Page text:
The two key offensive players were told by Chargers general manager A.J. Smith that their tender offers would be rescinded if not signed by Tuesday (June 15).
And if you think Smith is bluffing, you haven't been paying attention.
Smith has forged his reputation on never giving an inch, never backing off after digging his heels in. There's little evidence to speculate he's going to do so next week.
So as spring turns to summer, things are heating up for all the wrong reasons at Chargers Park.
Jackson, an emerging star among wide receivers, and McNeill, the Pro Bowler protecting quarterback Philip Rivers' blindside, have boycotted the Chargers' offseason workouts.
And indications are they won't be at training camp and may sit out even longer.
The skinny is this: Under the CBA, the Chargers can reduce their contract offers on Tuesday. Jackson could earn $3.2 million off his tender; McNeill is at $3.1 million.
But after Tuesday, the club has the right to slash those amounts to the tune of some $2.5 million.
Will Smith blink? Doubtful.
Will the players blink? Maybe. Although there's chatter Jackson has a stubborn streak and might not show.
It's obvious Smith is adding insurance, just in case.
The team signed veteran left tackle Tra Thomas on Wednesday, luring him West after he was contemplating retirement.
Is Thomas the player McNeill is? Not even close at the age of 35.
But his signing sends a message that if McNeill doesn't want to be a Charger, the team is setting sail with someone else.
Jackson's replacement is likely on the roster, although that could change. Anyone for Terrell Owens wearing Chargers blue?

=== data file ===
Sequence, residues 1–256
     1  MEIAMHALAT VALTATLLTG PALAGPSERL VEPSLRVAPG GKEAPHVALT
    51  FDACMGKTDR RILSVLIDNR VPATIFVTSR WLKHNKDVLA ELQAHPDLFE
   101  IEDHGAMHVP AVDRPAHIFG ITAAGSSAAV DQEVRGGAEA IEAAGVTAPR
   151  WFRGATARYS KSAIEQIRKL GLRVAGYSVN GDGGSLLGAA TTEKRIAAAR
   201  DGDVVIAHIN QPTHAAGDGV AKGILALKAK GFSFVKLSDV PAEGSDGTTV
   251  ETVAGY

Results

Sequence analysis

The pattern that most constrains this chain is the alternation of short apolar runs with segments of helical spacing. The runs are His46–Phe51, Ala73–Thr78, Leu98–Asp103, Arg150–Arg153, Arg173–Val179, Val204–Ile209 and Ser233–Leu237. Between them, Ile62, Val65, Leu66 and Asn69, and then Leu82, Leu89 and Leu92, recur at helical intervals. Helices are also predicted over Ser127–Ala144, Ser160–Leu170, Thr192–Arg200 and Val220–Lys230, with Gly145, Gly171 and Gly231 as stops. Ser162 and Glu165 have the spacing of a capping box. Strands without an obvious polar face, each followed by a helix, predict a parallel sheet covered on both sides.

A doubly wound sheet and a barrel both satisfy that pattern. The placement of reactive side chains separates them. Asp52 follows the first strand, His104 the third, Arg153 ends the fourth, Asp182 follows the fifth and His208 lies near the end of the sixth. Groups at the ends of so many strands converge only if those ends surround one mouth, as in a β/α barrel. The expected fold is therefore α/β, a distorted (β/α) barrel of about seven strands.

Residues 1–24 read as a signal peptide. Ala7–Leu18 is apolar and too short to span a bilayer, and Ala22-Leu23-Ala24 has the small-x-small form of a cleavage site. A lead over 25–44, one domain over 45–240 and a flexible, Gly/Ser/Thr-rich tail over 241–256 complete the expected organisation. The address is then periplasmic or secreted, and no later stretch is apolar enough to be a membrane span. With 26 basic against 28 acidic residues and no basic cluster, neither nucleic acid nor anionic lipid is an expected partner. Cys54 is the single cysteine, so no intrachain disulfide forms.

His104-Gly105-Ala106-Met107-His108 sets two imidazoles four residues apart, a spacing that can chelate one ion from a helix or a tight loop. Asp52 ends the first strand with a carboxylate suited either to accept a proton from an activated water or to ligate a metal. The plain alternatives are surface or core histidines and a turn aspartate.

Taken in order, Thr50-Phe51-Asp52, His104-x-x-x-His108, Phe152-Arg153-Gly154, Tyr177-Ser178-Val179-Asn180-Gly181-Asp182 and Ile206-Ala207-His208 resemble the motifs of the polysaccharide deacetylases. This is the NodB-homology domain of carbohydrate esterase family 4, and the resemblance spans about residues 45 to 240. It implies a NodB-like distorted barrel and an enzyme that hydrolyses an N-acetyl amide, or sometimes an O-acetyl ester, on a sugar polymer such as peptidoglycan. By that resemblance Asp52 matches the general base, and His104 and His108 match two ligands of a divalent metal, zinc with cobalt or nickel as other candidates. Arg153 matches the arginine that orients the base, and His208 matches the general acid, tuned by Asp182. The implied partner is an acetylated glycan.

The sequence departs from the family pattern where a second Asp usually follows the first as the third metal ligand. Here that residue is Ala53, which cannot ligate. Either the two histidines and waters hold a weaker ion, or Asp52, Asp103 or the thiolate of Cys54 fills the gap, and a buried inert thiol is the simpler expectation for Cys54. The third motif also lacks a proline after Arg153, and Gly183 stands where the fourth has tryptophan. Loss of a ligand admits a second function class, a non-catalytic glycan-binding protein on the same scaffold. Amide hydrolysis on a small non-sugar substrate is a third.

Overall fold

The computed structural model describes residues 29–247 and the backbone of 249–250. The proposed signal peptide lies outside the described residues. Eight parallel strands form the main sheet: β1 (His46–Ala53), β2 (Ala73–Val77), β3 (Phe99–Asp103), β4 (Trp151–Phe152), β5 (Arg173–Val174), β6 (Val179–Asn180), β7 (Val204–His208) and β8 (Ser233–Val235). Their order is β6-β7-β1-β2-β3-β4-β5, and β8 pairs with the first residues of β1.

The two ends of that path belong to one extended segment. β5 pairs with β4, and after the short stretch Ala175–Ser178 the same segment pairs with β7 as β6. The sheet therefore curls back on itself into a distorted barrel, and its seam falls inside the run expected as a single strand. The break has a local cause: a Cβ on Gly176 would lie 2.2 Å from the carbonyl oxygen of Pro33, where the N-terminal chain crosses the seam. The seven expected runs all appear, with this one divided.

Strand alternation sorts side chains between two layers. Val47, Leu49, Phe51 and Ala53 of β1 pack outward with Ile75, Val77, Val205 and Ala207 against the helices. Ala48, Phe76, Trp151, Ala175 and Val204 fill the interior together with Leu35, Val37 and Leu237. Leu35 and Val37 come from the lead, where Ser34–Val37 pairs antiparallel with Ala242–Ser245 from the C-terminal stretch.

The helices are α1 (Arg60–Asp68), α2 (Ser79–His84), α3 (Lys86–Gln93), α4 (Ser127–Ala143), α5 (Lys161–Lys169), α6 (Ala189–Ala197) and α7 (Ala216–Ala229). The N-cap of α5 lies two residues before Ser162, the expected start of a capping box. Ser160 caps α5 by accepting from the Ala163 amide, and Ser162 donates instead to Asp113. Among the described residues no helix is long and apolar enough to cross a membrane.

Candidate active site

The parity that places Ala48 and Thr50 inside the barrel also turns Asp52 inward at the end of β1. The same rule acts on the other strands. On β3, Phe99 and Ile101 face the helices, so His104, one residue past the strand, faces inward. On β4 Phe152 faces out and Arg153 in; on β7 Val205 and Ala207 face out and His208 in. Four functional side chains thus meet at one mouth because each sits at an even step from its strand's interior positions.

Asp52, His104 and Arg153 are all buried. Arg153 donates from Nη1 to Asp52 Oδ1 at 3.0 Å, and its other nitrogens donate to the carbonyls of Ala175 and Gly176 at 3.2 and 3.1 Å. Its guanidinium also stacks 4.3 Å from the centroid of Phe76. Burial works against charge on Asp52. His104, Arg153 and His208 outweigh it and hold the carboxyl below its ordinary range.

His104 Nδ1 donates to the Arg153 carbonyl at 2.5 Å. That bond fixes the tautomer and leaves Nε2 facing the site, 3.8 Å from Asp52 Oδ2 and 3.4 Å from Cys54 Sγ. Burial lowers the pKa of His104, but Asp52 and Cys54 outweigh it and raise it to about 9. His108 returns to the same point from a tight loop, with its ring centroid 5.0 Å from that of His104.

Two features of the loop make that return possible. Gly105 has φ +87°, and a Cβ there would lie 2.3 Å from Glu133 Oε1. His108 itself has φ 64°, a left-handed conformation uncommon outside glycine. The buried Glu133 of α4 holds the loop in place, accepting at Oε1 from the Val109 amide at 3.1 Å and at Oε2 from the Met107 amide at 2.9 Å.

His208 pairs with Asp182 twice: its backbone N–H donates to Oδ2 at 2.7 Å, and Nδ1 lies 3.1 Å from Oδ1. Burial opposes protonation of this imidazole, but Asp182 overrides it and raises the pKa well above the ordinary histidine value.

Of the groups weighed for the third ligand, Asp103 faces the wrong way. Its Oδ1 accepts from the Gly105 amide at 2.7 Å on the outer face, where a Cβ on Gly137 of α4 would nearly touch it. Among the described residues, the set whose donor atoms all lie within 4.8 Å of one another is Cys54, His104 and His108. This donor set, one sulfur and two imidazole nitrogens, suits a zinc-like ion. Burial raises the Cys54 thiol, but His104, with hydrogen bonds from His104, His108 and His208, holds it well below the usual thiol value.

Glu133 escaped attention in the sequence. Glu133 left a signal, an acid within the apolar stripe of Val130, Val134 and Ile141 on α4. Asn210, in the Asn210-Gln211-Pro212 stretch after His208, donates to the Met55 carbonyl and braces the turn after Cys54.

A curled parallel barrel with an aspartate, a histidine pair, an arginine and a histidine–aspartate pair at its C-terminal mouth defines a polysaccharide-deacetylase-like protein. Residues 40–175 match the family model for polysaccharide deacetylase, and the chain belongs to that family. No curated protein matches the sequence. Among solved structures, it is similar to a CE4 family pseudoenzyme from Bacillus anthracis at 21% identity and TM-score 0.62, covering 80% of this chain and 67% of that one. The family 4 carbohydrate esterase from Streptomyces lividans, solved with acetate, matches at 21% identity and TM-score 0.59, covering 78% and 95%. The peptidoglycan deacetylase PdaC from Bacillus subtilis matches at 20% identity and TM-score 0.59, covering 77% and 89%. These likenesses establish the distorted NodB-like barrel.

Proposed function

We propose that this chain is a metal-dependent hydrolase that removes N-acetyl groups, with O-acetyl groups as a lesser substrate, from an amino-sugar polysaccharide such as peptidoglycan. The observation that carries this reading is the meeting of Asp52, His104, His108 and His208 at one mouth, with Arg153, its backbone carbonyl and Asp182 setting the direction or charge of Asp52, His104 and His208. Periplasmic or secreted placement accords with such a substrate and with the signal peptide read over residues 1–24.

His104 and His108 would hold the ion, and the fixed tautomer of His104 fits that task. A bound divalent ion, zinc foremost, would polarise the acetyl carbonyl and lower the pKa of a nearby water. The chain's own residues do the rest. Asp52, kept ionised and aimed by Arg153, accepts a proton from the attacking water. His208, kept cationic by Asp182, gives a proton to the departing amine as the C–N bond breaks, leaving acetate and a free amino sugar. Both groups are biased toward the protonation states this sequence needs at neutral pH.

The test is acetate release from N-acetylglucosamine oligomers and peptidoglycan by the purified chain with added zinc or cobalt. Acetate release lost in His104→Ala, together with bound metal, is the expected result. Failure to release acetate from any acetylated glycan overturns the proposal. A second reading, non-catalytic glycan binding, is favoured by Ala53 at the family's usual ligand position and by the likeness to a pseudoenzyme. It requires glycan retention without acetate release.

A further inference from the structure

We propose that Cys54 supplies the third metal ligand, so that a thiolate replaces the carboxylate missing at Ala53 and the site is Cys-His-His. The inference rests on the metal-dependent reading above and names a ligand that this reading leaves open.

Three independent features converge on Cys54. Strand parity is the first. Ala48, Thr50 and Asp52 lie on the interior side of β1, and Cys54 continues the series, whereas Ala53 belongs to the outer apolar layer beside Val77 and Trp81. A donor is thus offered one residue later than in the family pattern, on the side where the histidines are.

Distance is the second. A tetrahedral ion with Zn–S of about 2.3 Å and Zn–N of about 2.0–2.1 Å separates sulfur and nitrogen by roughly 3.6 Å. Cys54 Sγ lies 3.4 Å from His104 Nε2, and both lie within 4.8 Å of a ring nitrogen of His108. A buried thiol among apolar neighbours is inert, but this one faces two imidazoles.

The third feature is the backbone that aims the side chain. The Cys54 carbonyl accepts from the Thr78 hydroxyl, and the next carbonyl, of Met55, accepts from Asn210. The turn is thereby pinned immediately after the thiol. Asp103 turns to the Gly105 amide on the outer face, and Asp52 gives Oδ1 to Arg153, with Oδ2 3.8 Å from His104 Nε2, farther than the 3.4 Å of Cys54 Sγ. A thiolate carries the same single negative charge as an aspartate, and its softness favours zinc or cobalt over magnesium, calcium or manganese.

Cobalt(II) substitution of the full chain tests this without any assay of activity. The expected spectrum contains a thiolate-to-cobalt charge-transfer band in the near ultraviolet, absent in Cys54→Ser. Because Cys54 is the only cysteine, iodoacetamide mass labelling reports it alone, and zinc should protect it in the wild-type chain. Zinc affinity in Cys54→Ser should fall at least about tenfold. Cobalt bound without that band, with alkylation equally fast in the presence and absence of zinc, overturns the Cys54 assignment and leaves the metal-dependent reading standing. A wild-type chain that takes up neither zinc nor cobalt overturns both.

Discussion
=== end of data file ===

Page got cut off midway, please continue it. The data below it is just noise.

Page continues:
While bringing in the disruptive Owens appears to be a stretch, Malcom Floyd recently signed his tender offer and could possibly fill any void left by Jackson. At any rate, Jackson will need a replacement for likely one or two games this upcoming season after being convicted in the offseason of his second driving under the influence charge.
--Wide receiver Malcom Floyd made his point by skipping the Chargers' recent minicamp.
WR Malcom Floyd
His point made, Floyd is ready to go to work.
"Nothing positive was going to come out of continuing to stay at home," Floyd said.
Floyd was among the four Chargers upset that they were tendered one-year deals instead embracing the riches which accompany unrestricted free agency. But those hopes were dashed when the uncertainty over the labor agreement led to an uncapped year. A byproduct of that was many players, including Floyd, were restricted in free agency and missed out on millions as unrestricted free agents.
But while some have made a point to make a point, Floyd has done all he will do.
He'll let fellow wide receiver Vincent Jackson and left tackle Marcus McNeill make their stands. But Floyd was tired of standing on the sideline, so he signed and jumped back into practice with his teammates.
"It was good to get some reps with (quarterback Philip Rivers) and start getting ready for the season," he said.
Floyd had a breakthrough season in 2009, catching 45 passes for 776 yards and a touchdown; his 17.2-yard average tied for the team lead.
But he wasn't going to be the lead dog in the players' fight with the Chargers over the lack of long-term deals.
In a way, Floyd, who started nine games last year, could benefit from Jackson's stubborn stance.